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We, Caribbean journalists, broadcasters, media entrepreneurs and managers, academics and civil society organisations assembled at Emancipation Park, Kingston, Jamaica on May 3 in observance of World Press Freedom Day 2014 devoted to:

1. Celebrating the fundamental principles of press freedom;

2. Assessing the state of press freedom in the Caribbean and throughout the world;

3. Defending the media from attacks on their independence;

4. Paying tribute to journalists who have suffered loss of life, injury, torture, kidnappings and threats in the line of duty;

Hereby pledge to devote ourselves to achievement of the objectives of this year’s universal observances that include:

1. Acknowledgement of a role for independent media in promoting good governance, empowerment and the eradication of poverty;

2. Monitoring and influencing the rule of law to ensure the safety of journalists and bringing about an end to impunity;

3. Working to ensure the sustainability of and professionalism in the practice of journalism.

We recognise the value of the free press in deepening the democratic process and promotion of the means through which true development is pursued and achieved and agree with the United Nations Educational Scientific and Cultural Organisation (UNESCO) that “only when journalists are free to monitor, investigate and criticise a society’s policies and actions can good governance take hold.”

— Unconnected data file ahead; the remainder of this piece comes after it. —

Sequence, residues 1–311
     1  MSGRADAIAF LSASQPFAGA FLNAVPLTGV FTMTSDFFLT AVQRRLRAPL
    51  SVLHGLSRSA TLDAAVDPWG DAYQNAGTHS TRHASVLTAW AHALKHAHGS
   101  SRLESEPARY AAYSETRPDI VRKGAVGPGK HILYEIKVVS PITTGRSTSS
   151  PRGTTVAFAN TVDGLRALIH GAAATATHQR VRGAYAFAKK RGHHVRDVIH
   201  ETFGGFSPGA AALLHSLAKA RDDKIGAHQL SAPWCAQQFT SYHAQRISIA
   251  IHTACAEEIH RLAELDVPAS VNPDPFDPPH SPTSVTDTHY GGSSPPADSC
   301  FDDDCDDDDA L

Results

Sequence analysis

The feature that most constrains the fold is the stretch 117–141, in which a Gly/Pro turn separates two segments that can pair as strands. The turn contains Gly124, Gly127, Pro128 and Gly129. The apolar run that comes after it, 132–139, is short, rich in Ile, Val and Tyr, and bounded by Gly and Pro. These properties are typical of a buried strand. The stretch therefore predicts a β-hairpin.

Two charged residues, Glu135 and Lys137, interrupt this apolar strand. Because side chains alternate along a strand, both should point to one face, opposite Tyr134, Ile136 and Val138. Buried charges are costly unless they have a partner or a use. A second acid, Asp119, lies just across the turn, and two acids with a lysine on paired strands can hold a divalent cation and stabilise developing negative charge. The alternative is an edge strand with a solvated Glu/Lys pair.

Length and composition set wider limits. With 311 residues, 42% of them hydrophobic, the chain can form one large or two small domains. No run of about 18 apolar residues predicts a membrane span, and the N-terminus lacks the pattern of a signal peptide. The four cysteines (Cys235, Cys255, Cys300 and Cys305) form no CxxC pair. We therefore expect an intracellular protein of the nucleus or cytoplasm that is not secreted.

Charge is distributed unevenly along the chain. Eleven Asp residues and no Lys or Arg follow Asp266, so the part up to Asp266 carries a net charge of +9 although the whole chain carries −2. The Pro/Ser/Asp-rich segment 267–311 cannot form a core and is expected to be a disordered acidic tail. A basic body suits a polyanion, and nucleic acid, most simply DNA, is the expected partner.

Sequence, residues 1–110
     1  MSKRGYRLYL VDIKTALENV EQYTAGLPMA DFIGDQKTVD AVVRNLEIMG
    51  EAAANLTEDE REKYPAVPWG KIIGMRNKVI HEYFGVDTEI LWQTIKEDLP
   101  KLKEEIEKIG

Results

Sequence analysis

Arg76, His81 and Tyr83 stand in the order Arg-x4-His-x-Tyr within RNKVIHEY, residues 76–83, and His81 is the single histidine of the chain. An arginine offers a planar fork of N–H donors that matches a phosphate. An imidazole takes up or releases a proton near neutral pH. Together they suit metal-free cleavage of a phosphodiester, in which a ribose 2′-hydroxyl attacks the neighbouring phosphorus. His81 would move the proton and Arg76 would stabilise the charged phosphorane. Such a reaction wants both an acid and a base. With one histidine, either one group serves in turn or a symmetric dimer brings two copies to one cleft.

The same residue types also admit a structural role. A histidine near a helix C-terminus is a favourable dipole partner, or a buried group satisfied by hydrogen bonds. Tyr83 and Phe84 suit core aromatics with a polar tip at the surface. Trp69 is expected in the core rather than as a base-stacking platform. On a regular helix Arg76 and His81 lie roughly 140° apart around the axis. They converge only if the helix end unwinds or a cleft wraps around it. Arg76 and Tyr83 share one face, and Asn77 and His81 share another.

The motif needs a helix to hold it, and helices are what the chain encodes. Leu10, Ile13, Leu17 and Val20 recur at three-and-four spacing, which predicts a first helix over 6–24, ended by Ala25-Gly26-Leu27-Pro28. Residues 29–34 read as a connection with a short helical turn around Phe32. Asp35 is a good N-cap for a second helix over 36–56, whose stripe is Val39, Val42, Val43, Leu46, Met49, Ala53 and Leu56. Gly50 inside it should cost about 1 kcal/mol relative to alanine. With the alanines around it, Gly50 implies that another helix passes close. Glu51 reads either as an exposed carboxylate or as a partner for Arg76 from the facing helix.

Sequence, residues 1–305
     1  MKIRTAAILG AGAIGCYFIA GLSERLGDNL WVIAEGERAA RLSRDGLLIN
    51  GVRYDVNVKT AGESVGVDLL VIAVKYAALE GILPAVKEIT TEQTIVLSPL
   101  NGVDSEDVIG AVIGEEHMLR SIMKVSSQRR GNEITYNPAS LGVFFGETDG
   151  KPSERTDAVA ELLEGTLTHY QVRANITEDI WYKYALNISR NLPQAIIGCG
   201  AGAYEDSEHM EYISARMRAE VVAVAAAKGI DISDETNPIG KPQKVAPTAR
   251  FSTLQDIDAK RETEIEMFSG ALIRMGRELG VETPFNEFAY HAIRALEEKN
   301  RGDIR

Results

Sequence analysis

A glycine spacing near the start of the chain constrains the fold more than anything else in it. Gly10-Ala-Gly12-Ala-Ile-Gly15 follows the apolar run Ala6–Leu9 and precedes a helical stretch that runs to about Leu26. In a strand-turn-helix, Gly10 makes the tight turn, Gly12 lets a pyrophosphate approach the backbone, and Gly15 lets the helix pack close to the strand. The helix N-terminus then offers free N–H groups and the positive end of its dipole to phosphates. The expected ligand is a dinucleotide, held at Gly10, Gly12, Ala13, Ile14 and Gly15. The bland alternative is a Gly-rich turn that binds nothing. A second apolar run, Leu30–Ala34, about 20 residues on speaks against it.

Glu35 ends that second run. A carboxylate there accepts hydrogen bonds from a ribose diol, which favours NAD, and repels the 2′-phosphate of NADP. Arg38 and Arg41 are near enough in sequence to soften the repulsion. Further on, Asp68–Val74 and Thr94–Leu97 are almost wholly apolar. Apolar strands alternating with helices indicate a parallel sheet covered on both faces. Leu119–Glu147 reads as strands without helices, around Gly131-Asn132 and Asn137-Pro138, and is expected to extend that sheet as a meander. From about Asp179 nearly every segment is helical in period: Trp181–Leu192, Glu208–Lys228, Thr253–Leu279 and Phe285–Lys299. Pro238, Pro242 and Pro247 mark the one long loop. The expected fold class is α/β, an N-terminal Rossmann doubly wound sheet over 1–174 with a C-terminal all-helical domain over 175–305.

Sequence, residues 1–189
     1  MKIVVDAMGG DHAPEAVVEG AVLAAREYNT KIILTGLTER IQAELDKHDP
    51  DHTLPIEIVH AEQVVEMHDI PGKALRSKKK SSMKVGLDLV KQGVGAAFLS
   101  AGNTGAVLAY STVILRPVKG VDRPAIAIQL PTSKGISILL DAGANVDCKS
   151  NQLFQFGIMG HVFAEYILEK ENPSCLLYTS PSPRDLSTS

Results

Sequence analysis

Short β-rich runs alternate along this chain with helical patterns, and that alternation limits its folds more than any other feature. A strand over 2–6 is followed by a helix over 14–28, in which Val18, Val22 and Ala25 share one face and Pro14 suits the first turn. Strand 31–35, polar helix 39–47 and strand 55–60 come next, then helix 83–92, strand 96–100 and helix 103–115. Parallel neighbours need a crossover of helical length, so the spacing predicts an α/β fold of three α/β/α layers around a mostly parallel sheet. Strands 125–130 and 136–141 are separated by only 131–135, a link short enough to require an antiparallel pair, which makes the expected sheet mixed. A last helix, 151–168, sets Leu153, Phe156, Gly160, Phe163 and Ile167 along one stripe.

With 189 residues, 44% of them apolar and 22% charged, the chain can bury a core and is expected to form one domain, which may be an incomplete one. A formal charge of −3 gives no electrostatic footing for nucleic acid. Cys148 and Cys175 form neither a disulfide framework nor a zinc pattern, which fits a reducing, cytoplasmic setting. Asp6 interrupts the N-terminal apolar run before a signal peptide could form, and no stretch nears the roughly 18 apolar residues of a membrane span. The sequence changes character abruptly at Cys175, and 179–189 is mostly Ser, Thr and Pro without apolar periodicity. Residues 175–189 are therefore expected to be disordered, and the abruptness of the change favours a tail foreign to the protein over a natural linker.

We also agree that “independent investigative journalism is an ally of open government and thereby enhances the effectiveness, and thence the legitimacy, of development processes.”We endorse the position noted in the report of the United Nations High-Level Panel on the post-2015 development agenda, convened by Secretary-General Ban Ki-moon , which said, “the rule of law, freedom of speech and the media, open political choice and active citizen participation, access to justice, non-discriminatory and accountable governments and public institutions help drive development and have their own intrinsic value. They are both means to an end and an end in themselves.”

We also endorse the Declaration of Port of Spain adopted by the General Assembly of the International Press Institute (IPI) in Trinidad and Tobago on June 26, 2012 in which it is agreed that “media freedom remains a key to the establishment of good governance and durable economic, political, social and cultural development, prosperity and peace in the Caribbean, and to the fight against corruption, poverty, violent crime and disease.”

In keeping with such a Declaration, we renew the call for Caribbean governments “as a matter of urgency” to abolish criminal defamation legislation and common law criminal defamation rules, as well as review civil defamation laws and all other laws that restrict media freedom.

We remain guided by Article 19 of the Universal Declaration of Human Rights, Article 13 of the American Convention on Human Rights and other international instruments which establish freedom of expression as a fundamental human right.

We acknowledge the imperfections of Caribbean media performance and commit to actively promote measures that would encourage the pursuit of higher professional standards in journalism, including stricter adherence to ethical conduct and the existence of media work environments that promote media best practice and improved performance.

We support and encourage the efforts of the Association of Caribbean MediaWorkers [and] its affiliates, including the Press Association of Jamaica (PAJ), along with the Media Association Jamaica (MAJ), associated organisations and institutions region-wide and internationally to promote high professional standards, more efficient networking of resources and more effective press freedom advocacy.

We call on all Caribbean people, wherever they are, to express support for freedom of the press as an integral part of the freedoms we have earned throughout our turbulent past.